Tarantino is back to his blood-soaked best with this revenge-driven journey to the 'Wild South'
Having killed Hitler in 2009's Inglourious Basterds, Quentin Tarantino is rewriting history again in his latest film. Thankfully Django Unchained is a much better movie than his tricksy World War II flick.
While the name of his protagonist calls back to Franco Nero's coffin-dragging gunslinger (and Nero himself even cameos in this film), Tarantino's Django is an altogether different character. Freed from slavery by German bounty hunter Dr. King Schultz (Christopher Waltz) to help him identify some fugitives, Django (Jamie Foxx) finds a new lease of life as a bounty hunter himself. Not just because it means that he gets to 'kill white people and get paid for it', but also because Schultz agrees to help Django free his wife from a brutal Mississippi plantation owner (Leonardo DiCaprio).
Of course, this being a Quentin Tarantino film, it all plays out as a glorified pastiche of the spaghetti Western genre. But, unlike the frequently taciturn films that inspired it, Django Unchained also boasts lashings of sparkling dialogue alongside its exquisitely-shot violence. And crucially, unlike Inglourious Basterds, this time around Tarantino's script feels like a genuine narrative, rather than a collection of four or five lengthy scenes stitched together to make some sort of movie.
In fact, the only thing it doesn't ever do is take itself too seriously. No matter how brutal they are, the bad guys are all laughable caricatures – a scene with Jonah Hill revolving around the problems with Ku Klux Klan outfits is just as broad (and almost as funny) as a similarly themed sketch from the fourth series of That Mitchell and Webb Look. Actually, Django Unchained sometimes veers perilously close to being a far ruder version of Blazing Saddles – but there's always another beautifully choreographed, blood-soaked shootout waiting around the corner to remind you whose film you're watching.
Picture: Tarantino's 'slavesploitation' film is probably his most visually striking, and Sony Pictures' Blu-ray release definitely makes the most of this fact with its eye-catching AVC 2.40:1 1080p visuals.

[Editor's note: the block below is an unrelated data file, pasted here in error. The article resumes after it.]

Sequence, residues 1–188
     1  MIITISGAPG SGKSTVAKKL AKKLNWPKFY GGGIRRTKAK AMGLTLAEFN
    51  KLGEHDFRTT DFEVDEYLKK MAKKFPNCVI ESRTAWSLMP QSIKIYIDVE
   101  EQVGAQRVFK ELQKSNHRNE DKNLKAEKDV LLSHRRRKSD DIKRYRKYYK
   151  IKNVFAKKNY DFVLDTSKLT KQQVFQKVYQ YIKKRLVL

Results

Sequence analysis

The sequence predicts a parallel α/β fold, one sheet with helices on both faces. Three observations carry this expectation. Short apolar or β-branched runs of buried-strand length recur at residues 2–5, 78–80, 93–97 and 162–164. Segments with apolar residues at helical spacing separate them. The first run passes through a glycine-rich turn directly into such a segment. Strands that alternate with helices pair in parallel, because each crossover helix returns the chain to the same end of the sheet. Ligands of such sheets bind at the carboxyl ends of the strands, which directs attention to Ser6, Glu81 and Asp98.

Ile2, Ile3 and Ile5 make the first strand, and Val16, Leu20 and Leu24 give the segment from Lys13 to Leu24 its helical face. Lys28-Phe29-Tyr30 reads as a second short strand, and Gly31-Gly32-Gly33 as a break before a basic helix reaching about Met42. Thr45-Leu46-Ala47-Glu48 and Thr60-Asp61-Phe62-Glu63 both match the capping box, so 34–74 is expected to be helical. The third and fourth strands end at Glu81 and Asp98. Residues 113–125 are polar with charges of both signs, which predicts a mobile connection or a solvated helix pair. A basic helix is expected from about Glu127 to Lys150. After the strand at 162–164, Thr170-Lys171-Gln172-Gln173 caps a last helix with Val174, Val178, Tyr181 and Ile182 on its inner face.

Much of Django Unchained plays out in wide open vistas that are rendered in crisp snowy whites and rich, verdant greens. Indeed, colour saturation is one of this encode's major strengths, painting the screen with garish primaries and subtle hues beyond those. The close-up shot of vivid blood splashing across a field of bright white cotton plants is mesmerising.
When the action moves inside, the decision to use candles and gas lamps gives the locations a sense of authenticity, but does sometimes flatten out shadows a little too much and leaves certain shots appearing slightly diffuse. But this is an understandable aesthetic choice and certainly doesn't take too much of the shine off this otherwise impressive hi-def outing.
Picture rating: 4.5/5
Audio: Django Unchained arrives all guns blazing on Blu-ray with a robust and explosive DTS-HD Master Audio 5.1 mix.
The soundtrack makes extremely convincing use of the entire multichannel array, with the surround channels constantly on hand to bring the Deep South locations to life. But it's not just about ambience - positional effects are thrillingly precise, allowing you to follow the path of bullets across the soundstage. Meanwhile, your subwoofer is treated to some tremendous, boot-shaking bass.
Dialogue is also handled with care, remaining firmly pinned to the centre channel and perfectly audible at all times. And, this being a Tarantino film, there's also a wide range of music in the soundtrack (everything from Ennio Morricone to a James Brown/2Pac mash-up) - all of which sounds absolutely wonderful.
Audio rating: 4.5/5
Extras: To say that Django Unchained's extra features are disappointing would be an understatement of monumental proportions. You get three featurettes here, and none of them are particularly gripping.
Reimagining the Spaghetti Western: The Horses & Stunts of Django Unchained is a 14-minute featurette that seems to spend almost as much time reassuring viewers that no horse were harmed during the making of the film as it does discussing the stunts; The Costume Designs of Sharen Davis – as you can probably guess from the title – is a (12-minute) showcase for the film's impressive togs; and the 14-minute Remembering J. Michael Riva: The Production Design of Django Unchained serves as both a look at the film's set design and a heartfelt tribute to production designer Riva, who passed away during the shoot. And that's it for behind-the-scenes material.
The only other 'features' are trailers for the Tarantino XX Blu-ray boxset (which many will already own) and the Django Unchained soundtrack, plus a Music Selection menu. An Oscar-winning smash such as this surely deserves much better.
Extras rating: 1.5/5
We say: Tarantino's most enjoyable film in years is also a rootin' tootin' hit on Blu-ray - despite its shoddy set of extra features
Django Unchained, Sony Pictures, All-region BD, £25 Approx
HCC VERDICT: 4/5
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